- A tripeptide of glycine, l-cysteine, and l-glutamate, with l-glutamate having an isopeptide bond with the amino moiety of l-cysteine. G. has a wide variety of roles in a cell; it is the most prevalent non-protein thiol. G. disulfide (GSSG) consists of two glutathiones linked via a disulfide bridge; the term oxidized g. for GSSG should be avoided since it includes the sulfones and sulfoxides. The term reduced g. is not necessary since g. is the thiol form. A deficiency of g. can cause hemolysis with oxidative stress. It is also used in the course of intermediary metabolism as a donor of thiol (SH) groups and is essential for detoxification of acetaminophen. SEE ALSO: oxidized g., reduced g., g. reductase.- oxidized g. 1. g. acting in cells as a hydrogen acceptor; reduced by g. reductase; g. disulfide; 2. sulfones or sulfoxides of g. or g. disulfide.- g. peroxidase an enzyme that catalyzes the reaction of two glutathiones with H2O2 forming GSSG and two water molecules; a crucial enzyme in hydrogen peroxide detoxification.- g. reductase an enzyme that catalyzes the reaction of GSSG with NADH (or NADPH) forming two glutathiones and NAD+ (or NADP+); involved in many redox reactions; a deficiency can cause hemolysis with oxidative stress.- g. synthetase an enzyme that catalyzes the formation of g., ADP, and orthophosphate from γ-glutamylcysteine, ATP, and glycine; a deficiency will lead to metabolic acidosis and progressive brain dysfunction.- g. S-transferase a class of enzymes that catalyze the reaction of g. with an acceptor molecule ( E.G., an arene oxide) to form an S-substituted g.; a key step in detoxification of many substances; start of the mercapturic acid pathway. SYN: ligandin.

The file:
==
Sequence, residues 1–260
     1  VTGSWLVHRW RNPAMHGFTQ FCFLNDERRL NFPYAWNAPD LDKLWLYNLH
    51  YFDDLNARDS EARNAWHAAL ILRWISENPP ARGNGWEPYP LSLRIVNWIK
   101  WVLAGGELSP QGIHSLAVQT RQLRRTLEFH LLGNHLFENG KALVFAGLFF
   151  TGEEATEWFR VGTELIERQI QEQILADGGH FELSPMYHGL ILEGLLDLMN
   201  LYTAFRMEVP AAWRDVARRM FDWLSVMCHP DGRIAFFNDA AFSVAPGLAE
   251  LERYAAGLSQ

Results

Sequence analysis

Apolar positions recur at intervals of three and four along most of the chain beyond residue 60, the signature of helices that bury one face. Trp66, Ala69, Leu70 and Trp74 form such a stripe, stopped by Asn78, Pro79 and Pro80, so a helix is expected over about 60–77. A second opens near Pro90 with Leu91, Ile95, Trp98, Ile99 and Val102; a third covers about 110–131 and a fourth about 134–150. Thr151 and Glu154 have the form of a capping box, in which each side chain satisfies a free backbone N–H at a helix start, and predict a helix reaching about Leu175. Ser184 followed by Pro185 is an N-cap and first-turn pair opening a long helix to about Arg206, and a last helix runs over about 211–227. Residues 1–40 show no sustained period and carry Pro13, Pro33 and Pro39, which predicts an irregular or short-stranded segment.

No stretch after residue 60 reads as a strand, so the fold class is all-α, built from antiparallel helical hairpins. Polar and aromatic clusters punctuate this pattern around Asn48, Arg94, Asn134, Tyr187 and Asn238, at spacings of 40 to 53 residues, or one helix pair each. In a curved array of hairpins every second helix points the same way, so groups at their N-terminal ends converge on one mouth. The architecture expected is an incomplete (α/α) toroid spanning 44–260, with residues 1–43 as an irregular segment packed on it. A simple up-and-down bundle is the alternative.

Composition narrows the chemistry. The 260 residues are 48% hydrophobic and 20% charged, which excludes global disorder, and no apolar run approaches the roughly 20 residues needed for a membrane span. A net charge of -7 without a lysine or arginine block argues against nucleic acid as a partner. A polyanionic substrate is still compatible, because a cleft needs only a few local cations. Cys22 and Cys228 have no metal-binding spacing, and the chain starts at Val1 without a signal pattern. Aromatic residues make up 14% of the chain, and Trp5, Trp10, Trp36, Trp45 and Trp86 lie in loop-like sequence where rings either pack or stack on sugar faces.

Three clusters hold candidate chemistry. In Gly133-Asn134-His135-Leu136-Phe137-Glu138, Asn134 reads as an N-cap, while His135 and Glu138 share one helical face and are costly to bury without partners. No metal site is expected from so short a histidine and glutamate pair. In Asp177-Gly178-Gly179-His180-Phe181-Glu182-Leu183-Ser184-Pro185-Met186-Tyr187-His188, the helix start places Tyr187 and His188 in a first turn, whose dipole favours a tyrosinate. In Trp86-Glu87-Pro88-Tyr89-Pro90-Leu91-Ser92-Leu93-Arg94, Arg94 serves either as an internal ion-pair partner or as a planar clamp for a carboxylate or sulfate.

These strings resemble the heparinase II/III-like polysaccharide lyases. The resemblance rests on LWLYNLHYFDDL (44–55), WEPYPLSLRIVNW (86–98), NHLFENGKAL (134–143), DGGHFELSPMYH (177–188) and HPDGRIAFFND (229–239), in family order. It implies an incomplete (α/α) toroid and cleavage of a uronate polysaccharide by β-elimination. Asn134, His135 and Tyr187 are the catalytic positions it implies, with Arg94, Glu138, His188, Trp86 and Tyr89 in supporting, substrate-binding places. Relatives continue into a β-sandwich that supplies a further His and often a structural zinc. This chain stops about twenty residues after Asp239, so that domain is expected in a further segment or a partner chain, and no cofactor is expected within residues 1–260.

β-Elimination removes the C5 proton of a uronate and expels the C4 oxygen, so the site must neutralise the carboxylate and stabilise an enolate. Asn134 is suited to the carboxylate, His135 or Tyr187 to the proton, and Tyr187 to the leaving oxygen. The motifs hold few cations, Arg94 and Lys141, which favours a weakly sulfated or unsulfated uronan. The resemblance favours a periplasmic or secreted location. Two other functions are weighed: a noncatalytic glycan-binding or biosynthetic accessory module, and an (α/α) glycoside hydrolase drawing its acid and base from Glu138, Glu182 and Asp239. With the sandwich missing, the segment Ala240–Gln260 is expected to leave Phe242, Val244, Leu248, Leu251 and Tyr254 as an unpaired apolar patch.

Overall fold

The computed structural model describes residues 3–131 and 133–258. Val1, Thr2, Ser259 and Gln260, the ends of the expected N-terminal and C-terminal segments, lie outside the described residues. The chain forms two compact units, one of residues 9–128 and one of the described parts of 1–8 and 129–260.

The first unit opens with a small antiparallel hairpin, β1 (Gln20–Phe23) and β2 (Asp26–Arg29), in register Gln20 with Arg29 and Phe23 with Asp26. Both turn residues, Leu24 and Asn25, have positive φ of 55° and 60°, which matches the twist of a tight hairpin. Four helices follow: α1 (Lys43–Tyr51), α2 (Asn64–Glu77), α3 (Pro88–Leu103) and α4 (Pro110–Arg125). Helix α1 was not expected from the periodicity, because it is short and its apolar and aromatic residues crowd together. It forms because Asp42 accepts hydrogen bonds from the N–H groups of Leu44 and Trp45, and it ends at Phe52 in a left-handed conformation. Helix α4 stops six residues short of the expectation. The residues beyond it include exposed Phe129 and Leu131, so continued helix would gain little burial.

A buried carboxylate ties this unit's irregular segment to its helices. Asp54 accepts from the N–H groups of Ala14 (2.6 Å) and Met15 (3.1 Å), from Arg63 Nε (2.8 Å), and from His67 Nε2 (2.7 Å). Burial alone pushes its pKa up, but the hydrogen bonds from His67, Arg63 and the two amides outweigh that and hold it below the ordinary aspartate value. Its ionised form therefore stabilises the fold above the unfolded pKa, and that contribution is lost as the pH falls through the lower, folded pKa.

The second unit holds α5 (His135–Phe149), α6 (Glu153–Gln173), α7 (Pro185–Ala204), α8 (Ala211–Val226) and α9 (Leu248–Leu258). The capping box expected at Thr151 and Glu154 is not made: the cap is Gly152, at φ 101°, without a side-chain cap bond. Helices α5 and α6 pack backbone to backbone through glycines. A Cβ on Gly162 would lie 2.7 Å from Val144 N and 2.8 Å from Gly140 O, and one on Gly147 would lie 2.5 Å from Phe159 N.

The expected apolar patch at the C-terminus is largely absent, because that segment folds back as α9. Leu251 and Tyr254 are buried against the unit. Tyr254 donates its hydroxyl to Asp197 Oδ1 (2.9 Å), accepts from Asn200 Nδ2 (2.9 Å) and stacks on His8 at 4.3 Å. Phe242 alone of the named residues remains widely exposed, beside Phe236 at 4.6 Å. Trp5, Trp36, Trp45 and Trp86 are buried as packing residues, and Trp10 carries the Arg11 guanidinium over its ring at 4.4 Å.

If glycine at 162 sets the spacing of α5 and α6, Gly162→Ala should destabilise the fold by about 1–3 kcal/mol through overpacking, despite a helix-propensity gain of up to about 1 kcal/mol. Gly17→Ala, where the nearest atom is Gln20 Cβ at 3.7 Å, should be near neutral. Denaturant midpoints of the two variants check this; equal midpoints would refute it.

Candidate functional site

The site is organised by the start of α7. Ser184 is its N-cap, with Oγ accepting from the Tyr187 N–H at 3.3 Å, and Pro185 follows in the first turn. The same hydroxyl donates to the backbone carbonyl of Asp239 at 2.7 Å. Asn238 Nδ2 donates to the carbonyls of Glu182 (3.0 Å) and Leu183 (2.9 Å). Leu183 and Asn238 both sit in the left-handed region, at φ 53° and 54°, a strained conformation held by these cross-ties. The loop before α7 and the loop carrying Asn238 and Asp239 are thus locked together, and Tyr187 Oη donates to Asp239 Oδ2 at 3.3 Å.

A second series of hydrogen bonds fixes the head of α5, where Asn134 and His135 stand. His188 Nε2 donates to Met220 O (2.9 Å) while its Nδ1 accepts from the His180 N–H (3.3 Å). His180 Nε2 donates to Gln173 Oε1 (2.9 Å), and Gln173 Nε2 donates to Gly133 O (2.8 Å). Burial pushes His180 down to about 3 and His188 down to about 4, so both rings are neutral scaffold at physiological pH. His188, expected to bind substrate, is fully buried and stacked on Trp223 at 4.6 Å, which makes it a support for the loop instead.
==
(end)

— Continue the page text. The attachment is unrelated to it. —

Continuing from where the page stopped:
* * *glu·ta·thi·one .glüt-ə-'thī-.ōn n a peptide C10H17N3O6S that contains one amino acid residue each of glutamic acid, cysteine, and glycine, that occurs widely in plant and animal tissues, and that plays an important role in biological oxidation-reduction processes and as a coenzyme
* * *n.a peptide containing the amino acids glutamic acid, cysteine, and glycine. It functions as a coenzyme in several oxidation-reduction reactions. Glutathione serves as an antioxidant: it reacts with potentially harmful oxidizing agents and is itself oxidized (see also selenium). This is important in ensuring the proper functioning of proteins, haemoglobin, membrane lipids, etc. High levels of glutathione in the blood are associated with longevity.
* * *glu·ta·thi·one (gloo″tə-thiґōn) a tripeptide, γ-glutamyl-cysteinyl-glycine, that is widely distributed in animal and plant tissues; it exists in both the reduced thiol form (GSH) and the oxidized disulfide form (GSSG). It functions in various redox reactions, such as the destruction of peroxides and free radicals, the detoxification of harmful compounds, and activity as a cofactor for enzymes. In erythrocytes, these reactions prevent oxidative damage by reduction of methemoglobin and peroxides. Glutathione is also involved in the formation and maintenance of disulfide bonds in proteins and in transport of amino acids across cell membranes.
Medical dictionary. 2011.